Sentient, your white oregano blossoms are so pretty and the bee has a nice load. Your use of broccoli for bees and chickens makes me feel good. Nothing goes to waste. 

I was in the garden before 6 AM and came in about 2 PM. It wasn't too hot, a nice breeze, a lovely Siamese cat came for a visit and likes petting. He also likes to sit near the bird feeders. I hope I have enough protection. I enjoy the cat if I have the birds safe from him. 

The mice ate a hole in one of my straw hats, and I hung it in a tree to use as a bird feeder. Maybe foolish thing to do, but it looks kind of "resourceful".  

Comment by Daniel W on July 27, 2013 at 7:28pm

Awesome broccoli! 

I let mine go too far, and it was covered with lovely yellow flowers.

It didn't all go to waste.  Turned out the honeybees foraged the flowers, and after that the chopped plants went for chicken food.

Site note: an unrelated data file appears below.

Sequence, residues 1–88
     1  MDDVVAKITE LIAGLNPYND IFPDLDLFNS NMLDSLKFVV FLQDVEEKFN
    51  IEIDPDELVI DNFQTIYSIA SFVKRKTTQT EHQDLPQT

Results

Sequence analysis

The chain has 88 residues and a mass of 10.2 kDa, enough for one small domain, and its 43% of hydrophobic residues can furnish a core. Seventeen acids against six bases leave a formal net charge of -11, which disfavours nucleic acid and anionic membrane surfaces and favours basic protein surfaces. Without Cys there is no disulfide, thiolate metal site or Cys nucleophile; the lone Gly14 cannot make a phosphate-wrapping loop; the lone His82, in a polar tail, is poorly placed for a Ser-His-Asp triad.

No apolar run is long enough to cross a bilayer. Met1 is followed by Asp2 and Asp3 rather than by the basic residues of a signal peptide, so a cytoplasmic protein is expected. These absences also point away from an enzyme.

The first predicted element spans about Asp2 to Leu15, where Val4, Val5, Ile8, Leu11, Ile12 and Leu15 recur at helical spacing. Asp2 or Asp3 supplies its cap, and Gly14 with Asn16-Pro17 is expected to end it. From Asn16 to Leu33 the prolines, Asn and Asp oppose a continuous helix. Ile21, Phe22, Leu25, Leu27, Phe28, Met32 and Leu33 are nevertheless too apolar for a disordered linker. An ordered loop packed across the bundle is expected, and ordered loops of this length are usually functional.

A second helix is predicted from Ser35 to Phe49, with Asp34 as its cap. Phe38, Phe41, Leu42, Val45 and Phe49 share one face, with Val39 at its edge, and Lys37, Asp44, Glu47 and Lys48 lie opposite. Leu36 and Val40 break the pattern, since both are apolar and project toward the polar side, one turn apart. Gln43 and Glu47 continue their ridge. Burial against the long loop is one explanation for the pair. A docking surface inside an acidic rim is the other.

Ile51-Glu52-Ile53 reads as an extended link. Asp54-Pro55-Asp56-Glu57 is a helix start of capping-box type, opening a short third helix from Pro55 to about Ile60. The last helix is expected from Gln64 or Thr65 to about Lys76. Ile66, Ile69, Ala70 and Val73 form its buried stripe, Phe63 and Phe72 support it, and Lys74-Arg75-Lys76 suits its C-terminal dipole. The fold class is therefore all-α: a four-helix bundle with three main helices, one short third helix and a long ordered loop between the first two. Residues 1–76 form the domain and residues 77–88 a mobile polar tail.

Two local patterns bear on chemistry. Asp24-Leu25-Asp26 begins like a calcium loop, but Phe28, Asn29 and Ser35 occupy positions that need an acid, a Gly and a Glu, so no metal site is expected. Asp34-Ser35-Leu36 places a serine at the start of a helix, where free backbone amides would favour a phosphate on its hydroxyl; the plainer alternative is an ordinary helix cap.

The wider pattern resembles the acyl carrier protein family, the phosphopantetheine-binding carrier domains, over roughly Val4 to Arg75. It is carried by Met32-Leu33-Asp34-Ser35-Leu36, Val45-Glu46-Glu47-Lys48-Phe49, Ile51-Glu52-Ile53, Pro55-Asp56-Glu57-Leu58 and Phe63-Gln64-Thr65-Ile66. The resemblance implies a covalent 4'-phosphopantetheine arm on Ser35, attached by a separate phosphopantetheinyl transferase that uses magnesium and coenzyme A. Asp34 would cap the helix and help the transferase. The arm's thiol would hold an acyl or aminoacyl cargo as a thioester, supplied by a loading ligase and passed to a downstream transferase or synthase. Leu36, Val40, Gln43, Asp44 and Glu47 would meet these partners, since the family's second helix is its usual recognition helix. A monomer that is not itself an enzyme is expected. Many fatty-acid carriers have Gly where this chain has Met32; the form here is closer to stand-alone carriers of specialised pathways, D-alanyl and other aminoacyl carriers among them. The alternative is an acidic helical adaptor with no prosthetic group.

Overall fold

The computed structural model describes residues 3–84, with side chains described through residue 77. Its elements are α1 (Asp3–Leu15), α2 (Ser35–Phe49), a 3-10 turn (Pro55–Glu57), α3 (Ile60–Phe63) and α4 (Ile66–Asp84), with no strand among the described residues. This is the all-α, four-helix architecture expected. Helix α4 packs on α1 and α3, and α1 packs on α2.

Photo is from today.  Oregano flowers, busy with honeybees, bumblebees, and tiny native bees.  You can see the full pollen baskets on the hindquarters.  Like saddlebags.

Comment by Idaho Spud on July 27, 2013 at 5:15pm

Chris, I'll take some new pictures of my watermelon plant in the next day or two.

Comment by Idaho Spud on July 27, 2013 at 4:15pm

Randall, I also freeze everything I can fit in the freezer part of my refrigerator.  My large freezer stopped working years ago.

Never tried canning.  It looks like too much trouble, and I'm concerned about safety.  I don't dehydrate fruit because I don't like the taste.

Comment by Randall Smith on July 27, 2013 at 7:42am

Joan: I freeze everything. Canning used to be a hit or miss thing--lids didn't seal, jars burst, etc. I dehydrate many fruits, including tomatoes (Romas).  Interesting geology information you wrote about on your state.

Comment by Plinius on July 27, 2013 at 1:15am

I love the Spokane pictures, Joan, it's so beautiful.